One interesting explanation for the Afghanistan debacle is that Americans do not understand what losing and defeat are.
To explain, Americans cannot tell the difference between defeat and a decision to quit a war, because it has over 150 years since Americans lost a war. The last time Americans lost a war was in 1865, when Robert E. Lee, Joseph E. Johnston, and Kirby Smith surrendered the Confederate Armies.
Losing a war means that your commander walks up to the other side’s commander and hands over his sword or gun. Your soldiers then turn over their weapons and go home, or march off to POW camps.
No we Did not Lose in Vietnam
None of those things happened to American troops in Vietnam, Iraq, or Afghanistan. Indeed, US forces won every battle they fought in those wars. Our troops left when our political leaders got sick of the war.
Unfortunately, many people spread the myth that Americans lost in Vietnam, Iraq, and Afghanistan. The United States did not achieve its goals in Vietnam, Iraq, or Afghanistan, but it did not lose.
Nor did the US lose in Korea. In the Korean War, American forces and their allies fought the Chinese People’s Liberation Army (PLA) one of the toughest fighting forces on Earth, to a standstill. In Korea, the Communists signed an armistice because they were afraid they were about to lose.
In fact, no American army has lost since US and Philippine Army troops surrendered to Japanese forces on Bataan on 9 April 1942. Bataan was the last true American military defeat, and our history ignores that battle.
Why do we Think Americans lost in Vietnam?
Despite the obvious history, many people believe the United States “lost” the Vietnam War, the Iraq War, and now the Afghan War. Why do large numbers of people believe such a fallacy?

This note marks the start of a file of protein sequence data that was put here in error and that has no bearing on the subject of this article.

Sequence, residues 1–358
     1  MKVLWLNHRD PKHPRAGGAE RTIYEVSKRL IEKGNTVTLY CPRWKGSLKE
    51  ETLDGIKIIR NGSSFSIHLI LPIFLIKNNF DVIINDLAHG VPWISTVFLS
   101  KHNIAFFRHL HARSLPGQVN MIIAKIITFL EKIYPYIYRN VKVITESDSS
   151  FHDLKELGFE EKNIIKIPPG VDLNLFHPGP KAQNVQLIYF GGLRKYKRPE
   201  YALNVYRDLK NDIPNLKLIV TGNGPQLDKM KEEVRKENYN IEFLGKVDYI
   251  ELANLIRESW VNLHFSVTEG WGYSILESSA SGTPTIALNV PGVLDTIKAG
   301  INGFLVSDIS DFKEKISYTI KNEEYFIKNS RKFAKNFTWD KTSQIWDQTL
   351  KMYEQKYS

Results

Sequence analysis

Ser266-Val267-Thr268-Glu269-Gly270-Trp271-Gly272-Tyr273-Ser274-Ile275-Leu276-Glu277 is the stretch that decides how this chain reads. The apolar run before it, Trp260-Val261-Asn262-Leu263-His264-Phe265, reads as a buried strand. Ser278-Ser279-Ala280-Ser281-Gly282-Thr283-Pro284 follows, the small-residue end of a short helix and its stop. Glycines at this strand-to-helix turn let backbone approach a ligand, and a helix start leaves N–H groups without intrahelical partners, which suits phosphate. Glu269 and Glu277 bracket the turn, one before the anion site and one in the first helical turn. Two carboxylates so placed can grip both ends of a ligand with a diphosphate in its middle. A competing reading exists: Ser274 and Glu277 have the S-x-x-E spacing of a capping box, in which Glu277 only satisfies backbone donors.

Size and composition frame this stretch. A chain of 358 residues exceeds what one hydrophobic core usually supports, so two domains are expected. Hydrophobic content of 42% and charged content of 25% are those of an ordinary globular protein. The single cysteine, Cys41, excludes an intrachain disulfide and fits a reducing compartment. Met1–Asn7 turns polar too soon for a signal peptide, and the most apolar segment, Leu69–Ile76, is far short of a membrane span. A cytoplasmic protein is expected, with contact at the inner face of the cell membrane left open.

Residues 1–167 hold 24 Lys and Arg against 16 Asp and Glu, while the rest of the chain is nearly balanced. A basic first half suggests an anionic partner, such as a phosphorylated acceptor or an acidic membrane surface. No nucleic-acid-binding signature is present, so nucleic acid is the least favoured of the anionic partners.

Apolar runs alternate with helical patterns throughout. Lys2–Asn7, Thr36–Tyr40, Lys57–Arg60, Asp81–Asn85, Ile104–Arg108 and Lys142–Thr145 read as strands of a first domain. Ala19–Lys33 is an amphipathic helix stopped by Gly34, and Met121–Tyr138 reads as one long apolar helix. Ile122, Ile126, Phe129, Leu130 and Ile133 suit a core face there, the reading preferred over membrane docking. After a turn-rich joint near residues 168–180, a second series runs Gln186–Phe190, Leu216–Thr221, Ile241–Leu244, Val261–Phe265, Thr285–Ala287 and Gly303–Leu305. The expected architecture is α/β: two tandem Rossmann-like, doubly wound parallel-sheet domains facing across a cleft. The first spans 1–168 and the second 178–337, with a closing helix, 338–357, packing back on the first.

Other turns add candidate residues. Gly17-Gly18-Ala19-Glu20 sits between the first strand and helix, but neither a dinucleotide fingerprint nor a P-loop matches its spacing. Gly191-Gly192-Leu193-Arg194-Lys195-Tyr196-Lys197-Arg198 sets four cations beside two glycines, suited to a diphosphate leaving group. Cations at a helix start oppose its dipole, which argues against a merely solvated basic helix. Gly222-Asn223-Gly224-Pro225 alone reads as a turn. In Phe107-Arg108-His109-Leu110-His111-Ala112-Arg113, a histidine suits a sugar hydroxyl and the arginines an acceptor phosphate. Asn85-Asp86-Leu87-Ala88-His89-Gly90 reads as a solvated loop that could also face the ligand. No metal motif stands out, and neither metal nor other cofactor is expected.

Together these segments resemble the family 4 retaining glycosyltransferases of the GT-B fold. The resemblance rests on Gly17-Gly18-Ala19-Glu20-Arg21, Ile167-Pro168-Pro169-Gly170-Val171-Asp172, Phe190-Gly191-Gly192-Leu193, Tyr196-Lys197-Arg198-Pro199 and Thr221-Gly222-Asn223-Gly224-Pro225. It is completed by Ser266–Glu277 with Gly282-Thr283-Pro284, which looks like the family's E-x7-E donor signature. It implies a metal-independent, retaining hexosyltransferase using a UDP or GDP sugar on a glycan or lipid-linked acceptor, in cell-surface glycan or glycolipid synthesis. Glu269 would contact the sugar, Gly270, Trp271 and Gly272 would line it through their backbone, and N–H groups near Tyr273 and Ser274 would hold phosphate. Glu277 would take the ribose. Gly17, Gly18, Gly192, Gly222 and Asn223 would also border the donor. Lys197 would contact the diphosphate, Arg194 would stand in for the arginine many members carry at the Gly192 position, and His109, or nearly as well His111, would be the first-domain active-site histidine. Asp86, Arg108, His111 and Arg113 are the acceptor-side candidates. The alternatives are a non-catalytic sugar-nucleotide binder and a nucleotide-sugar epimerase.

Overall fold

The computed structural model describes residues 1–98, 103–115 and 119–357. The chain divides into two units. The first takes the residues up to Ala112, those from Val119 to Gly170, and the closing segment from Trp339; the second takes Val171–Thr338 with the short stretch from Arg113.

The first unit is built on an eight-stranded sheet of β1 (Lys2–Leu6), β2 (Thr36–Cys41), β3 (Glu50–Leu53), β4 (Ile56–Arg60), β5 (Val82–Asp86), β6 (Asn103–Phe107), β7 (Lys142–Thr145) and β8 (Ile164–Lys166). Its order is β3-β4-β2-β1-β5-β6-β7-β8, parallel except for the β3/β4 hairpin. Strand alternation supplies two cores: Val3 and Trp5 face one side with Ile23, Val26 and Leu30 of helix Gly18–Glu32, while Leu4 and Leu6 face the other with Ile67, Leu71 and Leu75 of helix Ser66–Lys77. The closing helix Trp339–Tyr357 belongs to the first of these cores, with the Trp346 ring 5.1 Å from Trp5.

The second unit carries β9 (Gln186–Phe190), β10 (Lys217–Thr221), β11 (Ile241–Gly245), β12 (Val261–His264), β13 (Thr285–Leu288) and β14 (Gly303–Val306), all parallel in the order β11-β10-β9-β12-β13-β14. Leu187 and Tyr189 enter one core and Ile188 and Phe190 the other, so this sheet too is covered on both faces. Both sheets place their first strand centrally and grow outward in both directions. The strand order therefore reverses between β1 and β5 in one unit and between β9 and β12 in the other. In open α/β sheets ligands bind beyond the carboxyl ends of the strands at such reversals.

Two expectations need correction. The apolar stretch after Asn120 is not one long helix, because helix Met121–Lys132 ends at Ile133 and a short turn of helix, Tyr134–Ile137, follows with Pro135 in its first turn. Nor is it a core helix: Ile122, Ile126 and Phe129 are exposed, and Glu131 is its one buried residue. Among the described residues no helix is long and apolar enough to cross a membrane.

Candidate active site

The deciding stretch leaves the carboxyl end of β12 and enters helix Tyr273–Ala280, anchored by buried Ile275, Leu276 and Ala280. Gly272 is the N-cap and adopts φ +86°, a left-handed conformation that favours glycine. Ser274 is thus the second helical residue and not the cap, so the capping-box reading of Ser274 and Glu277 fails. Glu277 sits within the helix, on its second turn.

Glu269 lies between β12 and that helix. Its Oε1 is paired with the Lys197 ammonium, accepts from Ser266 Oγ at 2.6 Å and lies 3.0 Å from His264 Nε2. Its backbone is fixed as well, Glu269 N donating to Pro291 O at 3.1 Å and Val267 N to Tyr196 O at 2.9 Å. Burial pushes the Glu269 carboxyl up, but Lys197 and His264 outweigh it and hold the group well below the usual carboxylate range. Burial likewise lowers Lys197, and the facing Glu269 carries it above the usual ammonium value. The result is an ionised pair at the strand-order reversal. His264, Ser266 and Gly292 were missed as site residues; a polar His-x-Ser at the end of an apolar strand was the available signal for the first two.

I think supporters of American imperialism spread the “we lost fallacy” to hide their own failures. What failed in Vietnam, Iraq, and Afghanistan was not the US military. The military was successful in its primary mission of war fighting. Our troops defeated the Vietnamese Communists, the Taliban, ISIS, and the Iraqi army on the battlefield.
Instead, what failed was the imperialists’ policies of nation building and exporting “democracy” at gunpoint. That failure had nothing to do with American military performance.
However, imperialists can escape condemnation by blaming the military for their failures. By promoting the “we lost” fantasy, the imperialists hide the long record of failure of their Wilsonian fantasies.
Blame the Military
The worst example of the “blame the military” tactic was 1970s and 1980s popular culture which regularly portrayed the US military as fascist thugs. For example, the Rambo movies and The A-Team TV show.
One reason for those portrayals was to shift the blame for Vietnam catastrophe from the leadership classes to the military. The most loathsome example of the blame the military trope, were the movies and TV shows that showed ordinary American soldiers committing atrocities in Vietnam. The elite blaming the working class for its failures.
We saw similar attitudes in the Abu Ghraib prison scandal during the Iraq War. IE the media vilifying soldiers while ignoring the decision makers in Washington whose policies put the National Guard in Abu Ghraib.
How the “We Lost Vietnam” Mythology led to the Afghan and Iraq Wars
When we talk about losing Vietnam, Afghanistan, or Iraq, we don’t have to examine the imperialist policies of nation building and spreading democracy at gunpoint. Nor we do we have to stop listening to the imperialist intellectuals who promote nation building.
Hence, the “we lost Vietnam mythology”“ is partially responsible for the catastrophes in Iraq and Afghanistan. To explain, if Vietnam was a military failure, we can succeed next time with new tactics, or weapons. Thus, we repeat the Vietnam catastrophe in Afghanistan and Iraq.
Consequently, I predict we will see the “we lost Afghanistan fantasy” all over the media. The imperialists and neocons will fill the media with this nonsense in order to hide their failure and prepare for the next nation-building exercise.
It will work this way. First, they will say we lost in Afghanistan. Second, they will say we could have won if we had done something different. Third, they will begin promoting a new nation-building project in Cuba, Venezuela, Syria, or some other place.
If we want to avoid future wars, Americans need to learn what a defeat looks like and understand that we did not lose in Vietnam, Iraq, and Afghanistan. Instead, we need to learn the difference between the difference between military defeat and imperialist failures.